Review – Alpinestars Short Boots

As an 18 year old my riding gear was pretty basic and I would ride my roadie in a pair of blundstone work boots. When I finally purchased my first pair of full length boots I never went back as a good set of boots not only provides better protection but is also designed for riding. Over the years I’ve worn out many pairs of motorcycle boots.

In 2016 I spent a week riding the Pyrenees in Spain and France. This was my first trip overseas where I took riding gear. Travelling overseas with riding gear is quite a commitment as it takes up an extraordinary amount of room. If the only reason for the trip is to ride then it isn’t such a big deal, but for me it’s usually only one of the many activities I’m doing so the rest of the time you are lugging around all this big and awkward gear, taking up valuable luggage space. The one thing I didn’t pack for that trip was my boots as they just take up too much room, so I used my walking shoes.

They really weren’t much better than running shoes and didn’t provide any safety and I left a bit of the shoes on the Pyrenees as the shoes aren’t designed for scraping the pavement! After this trip I wanted to find a better option for my next trip overseas.

In preparation for our 2018 two week tour in the US we each bought a pair of Alpinestars short ankle length boots (his-SMX-1R, and hers-Stella SMX-1R). Below is a picture comparing the size of my short and full size motorcycle boots.

Alpinestars SMX-1R vs Alpinestars SMX-6 Gore-tex

These were my first pair of ankle length boots, and were bought primarily for our overseas trip as they would pack better and provide more protection than general shoes. However, I quickly found that they were a great commuter boot, as I could easily wear them under my suit trousers. And as the boots are black I could get away wearing them to meetings at other Government Departments around town, although the toe sliders do creates comments, but other than that you’d hardly notice them.

I find these boots very comfortable and easy to walk in when off the bike sight-seeing or ducking down to the shops. When touring it can be annoying having to clomp around in your big boots when doing touristy things like walking, or a bit of a side hike like I did on a trip in 2015 to the end of a 1.6km jetty at Port Germain. And as they are easy to pop on then I’m more likely to use them for general things around town like going down to the shops rather then just using my runners. The big full length boots can be a hassle so I tended not to bother for these short trips.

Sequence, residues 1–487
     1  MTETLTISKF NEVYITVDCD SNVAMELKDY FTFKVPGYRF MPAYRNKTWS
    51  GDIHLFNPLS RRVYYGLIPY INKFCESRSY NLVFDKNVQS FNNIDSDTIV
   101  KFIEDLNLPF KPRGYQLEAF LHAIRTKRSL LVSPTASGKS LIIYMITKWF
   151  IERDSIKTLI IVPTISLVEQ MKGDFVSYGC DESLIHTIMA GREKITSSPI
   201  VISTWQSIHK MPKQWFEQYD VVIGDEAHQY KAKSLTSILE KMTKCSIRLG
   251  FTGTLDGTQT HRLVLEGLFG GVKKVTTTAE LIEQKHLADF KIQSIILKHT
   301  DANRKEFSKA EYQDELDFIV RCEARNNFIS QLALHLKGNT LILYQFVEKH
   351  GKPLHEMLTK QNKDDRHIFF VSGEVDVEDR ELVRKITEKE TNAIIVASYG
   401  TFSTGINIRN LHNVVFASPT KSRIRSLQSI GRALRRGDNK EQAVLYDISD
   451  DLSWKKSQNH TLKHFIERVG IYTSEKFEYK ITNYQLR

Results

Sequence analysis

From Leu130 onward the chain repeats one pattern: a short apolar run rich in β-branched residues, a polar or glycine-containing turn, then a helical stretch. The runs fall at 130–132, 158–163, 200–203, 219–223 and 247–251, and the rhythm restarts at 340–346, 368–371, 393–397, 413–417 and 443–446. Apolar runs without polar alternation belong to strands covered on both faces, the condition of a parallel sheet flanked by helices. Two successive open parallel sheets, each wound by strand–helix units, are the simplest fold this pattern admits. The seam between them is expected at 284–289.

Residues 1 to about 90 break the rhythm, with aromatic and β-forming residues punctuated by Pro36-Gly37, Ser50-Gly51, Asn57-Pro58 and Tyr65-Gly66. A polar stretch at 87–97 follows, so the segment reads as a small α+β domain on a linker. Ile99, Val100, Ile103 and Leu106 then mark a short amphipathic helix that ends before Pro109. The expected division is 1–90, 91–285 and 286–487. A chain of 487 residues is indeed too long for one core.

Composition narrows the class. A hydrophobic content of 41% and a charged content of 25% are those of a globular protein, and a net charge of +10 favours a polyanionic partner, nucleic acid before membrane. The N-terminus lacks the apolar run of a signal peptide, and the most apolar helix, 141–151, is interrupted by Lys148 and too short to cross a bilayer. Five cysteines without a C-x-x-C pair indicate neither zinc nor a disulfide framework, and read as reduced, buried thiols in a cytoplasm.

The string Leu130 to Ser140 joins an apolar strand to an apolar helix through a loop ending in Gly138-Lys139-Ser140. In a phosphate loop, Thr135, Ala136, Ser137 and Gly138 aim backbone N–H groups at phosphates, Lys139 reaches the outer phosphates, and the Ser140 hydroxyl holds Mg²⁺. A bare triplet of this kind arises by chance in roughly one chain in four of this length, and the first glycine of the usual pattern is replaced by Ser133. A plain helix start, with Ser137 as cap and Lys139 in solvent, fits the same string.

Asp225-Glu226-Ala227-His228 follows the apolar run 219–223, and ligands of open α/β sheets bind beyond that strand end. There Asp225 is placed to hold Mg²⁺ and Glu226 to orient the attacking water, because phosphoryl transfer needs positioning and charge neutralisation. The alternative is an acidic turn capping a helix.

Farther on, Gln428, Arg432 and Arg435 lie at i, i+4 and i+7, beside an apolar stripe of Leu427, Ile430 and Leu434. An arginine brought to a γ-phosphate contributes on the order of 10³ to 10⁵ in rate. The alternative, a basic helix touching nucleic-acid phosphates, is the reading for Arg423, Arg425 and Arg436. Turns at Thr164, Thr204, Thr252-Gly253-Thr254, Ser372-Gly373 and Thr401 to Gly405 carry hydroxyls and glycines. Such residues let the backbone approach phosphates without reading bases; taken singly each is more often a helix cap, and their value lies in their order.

Speaking of protection … while they don’t offer the same level of protection as full length boots, they do provide really good protection around the foot as the share features from the full size boots, and they include some additional ankle protection. In our trip to the US in 2018 we put these boots to the test as we went for a bit of a slide on Beartooth pass when the Harley ran out of ground clearance. The only real damage was a few scrapes and a torn strap across the top which I got fixed when I got home. While this was a only a low-side slide at less than 60km/h, there is no doubt these saved our feet and ankles from any damage in our fall.

These boots are now my go-to boot for commuting, boots I wear for short trips, and my preferred boot for trips when riding the more touring orientated ST1300, and they have now ridden in a number of countries around the world.

After 3 years of regular use and many miles they are ready to be retired as I have worn the sole down to the canvas on left boot. Why only the left boot.? The bike’s side stand is on the left so you always get on and off the bike from the left, where you swivel on your left foot as part of the action of mounting and dismounting.

These boots are well used

While there are a lot of short boots and even more shoe-like motorcycle footwear available now. I like the balance of the style, protection, comfort and walkability of these boots so there really wasn’t a question in my mind of what I’d replace them with. The only thing that I find with the full leather construction of this boot is that they can be a bit hot behind all the wind protection of the bigger touring bike. This is especially true in our 40+C temperatures summers. With that in mind I purchased the vented version of the Alpinestars boot which is essentially identical to my old boot but with perforated leather – SMX-1R Vented.

my old and new boots
perforated boot

After our recent 7,000km return trip to far north Queensland I can report that these new boots are just as good as the old boots … just cooler.

So if you are looking for a shorter boot option then these are a great option.

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